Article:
A guide to page speed insights and optimising page load

A guide to page speed insights and optimising page load

November 3, 2014

We have recently updated our own website and as part of the rebuild process, we ran the new site through Google's PageSpeed Insights in order to get the site running as efficiently as possible, and in order to get the highest number we can (we can be a little competitive like that!). We continue to learn a few things on the way, and this guide will outline some of the steps we took to ensure our load speed was as quick as possible.

PageSpeed Insights is of course very good at telling you what is slowing your website down, and gives good examples of how to approach different scenarios, but outside the bounds of that, there are a lot of things that it doesn't suggest. I'll run through some of the things that we integrated into our setup, and why we made some of the decisions we did.

Mobile User Experience

We got 100/100 on this one first time round, but it's not really our backs we should be patting. We have been incorporating Zurb Foundation (http://foundation.zurb.com) into our sites for a while now because it provides a simple and efficient way of building sites responsively, as well as efficiently. We have stripped a substantial amount of time from our builds because we no longer re-write a lot of code and get everything set up by ourselves. We like Foundation.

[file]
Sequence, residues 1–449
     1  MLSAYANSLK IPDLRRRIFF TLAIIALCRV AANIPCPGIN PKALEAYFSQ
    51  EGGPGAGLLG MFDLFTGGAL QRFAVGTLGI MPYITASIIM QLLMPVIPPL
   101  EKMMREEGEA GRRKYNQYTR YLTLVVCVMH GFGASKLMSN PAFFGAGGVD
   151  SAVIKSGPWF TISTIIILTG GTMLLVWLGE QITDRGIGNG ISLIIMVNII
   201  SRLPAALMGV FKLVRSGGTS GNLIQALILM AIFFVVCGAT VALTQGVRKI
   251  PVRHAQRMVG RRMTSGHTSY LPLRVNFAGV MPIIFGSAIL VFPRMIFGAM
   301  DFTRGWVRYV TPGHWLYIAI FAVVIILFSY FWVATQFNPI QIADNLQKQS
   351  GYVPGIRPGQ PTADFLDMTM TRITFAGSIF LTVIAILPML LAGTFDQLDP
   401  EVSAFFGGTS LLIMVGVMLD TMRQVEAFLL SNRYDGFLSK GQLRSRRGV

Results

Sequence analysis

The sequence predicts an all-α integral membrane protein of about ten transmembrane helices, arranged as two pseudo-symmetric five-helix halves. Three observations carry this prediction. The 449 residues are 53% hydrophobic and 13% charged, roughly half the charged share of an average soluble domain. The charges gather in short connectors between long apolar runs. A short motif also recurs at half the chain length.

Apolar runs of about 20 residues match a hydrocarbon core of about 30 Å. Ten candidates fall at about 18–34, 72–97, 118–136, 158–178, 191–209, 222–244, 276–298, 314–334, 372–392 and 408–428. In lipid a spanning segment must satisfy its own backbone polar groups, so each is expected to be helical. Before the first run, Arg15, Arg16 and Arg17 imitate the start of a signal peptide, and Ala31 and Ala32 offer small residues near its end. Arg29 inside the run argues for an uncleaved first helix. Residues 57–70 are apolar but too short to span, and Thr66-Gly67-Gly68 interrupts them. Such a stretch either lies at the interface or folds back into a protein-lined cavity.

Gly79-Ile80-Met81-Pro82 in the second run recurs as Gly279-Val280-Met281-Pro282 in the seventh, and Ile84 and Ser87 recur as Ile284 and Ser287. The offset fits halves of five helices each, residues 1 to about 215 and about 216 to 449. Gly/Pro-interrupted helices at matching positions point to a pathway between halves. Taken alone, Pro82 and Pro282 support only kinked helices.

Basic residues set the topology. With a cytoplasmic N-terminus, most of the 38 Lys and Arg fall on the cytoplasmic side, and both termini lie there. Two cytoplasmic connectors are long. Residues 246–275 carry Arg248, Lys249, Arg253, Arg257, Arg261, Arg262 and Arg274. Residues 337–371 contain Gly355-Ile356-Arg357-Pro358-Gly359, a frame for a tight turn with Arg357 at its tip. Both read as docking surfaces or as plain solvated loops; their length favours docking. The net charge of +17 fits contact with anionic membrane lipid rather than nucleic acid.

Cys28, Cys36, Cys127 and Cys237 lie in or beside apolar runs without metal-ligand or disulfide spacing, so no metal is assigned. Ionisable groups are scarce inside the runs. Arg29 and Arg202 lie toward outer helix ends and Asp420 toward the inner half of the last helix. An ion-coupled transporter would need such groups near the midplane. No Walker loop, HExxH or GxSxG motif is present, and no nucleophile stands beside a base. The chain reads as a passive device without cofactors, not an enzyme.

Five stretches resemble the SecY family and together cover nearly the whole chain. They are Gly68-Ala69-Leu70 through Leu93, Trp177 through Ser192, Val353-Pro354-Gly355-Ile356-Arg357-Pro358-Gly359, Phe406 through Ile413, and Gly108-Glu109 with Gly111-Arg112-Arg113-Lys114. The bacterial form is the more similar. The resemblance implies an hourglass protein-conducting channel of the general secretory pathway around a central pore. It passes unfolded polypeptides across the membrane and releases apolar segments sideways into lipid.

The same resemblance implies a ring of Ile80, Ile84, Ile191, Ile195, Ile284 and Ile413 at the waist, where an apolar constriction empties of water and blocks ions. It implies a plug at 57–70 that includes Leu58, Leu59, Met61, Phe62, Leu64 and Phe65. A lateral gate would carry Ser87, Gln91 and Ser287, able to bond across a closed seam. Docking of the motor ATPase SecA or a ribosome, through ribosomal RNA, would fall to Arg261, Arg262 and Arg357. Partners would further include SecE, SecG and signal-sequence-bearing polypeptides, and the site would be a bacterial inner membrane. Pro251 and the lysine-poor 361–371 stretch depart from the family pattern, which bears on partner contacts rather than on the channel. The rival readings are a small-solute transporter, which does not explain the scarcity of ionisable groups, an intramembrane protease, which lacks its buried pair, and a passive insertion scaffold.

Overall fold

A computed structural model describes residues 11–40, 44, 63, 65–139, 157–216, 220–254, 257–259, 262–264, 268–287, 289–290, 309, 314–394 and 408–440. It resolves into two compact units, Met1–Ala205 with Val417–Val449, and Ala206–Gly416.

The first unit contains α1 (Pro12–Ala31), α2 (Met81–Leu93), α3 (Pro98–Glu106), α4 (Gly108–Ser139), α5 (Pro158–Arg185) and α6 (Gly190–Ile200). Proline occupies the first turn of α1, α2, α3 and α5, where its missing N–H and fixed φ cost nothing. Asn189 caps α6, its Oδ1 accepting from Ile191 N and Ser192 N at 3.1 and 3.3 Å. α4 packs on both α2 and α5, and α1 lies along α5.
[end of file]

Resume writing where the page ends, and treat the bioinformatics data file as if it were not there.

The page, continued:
Running through the list of mobile user experience pressure points, Foundation covers all of these off, and ensures a great experience for mobile users. Be sure to include the viewport meta tag too and you should be all set:

<meta name='viewport' content='width=device-width, user-scalable=no, initial-scale=1.0, minimum-scale=1.0, maximum-scale=1.0'>

We also passed most of these. It's worth noting that you are always going to have to make decisions and sacrifices somewhere along the way, but if you have a clear understanding of what you want to achieve, these decisions become a lot easier. For example, because we use Foundation, all of the CSS is held in one file, which we are happy to remain render blocking because the saving in loading it after the page has loaded is minimal, and you get the Flash Of Un-styled Content, which we really didn't want.

The other really important aspects here, are getting your server and content set up correctly. Serving images that are 3000px wide and several megabytes in size should be avoided - resize them to the size they are likely to be on your site and then save as an 80% jpeg. This is fine for background images that are in place to support text, where the quality of the image is less likely to get noticed. Further to that, we use a great little tool called ImageOptim (https://imageoptim.com) that losslessly compresses the images and gives some huge savings in terms of file size.

Setting up gzip on your server, as well as expiration dates on cacheable content will save further time, but focusing on your server response time will help all of these in turn. This is the area that we analysed the most and worked hardest to get the most improvement on.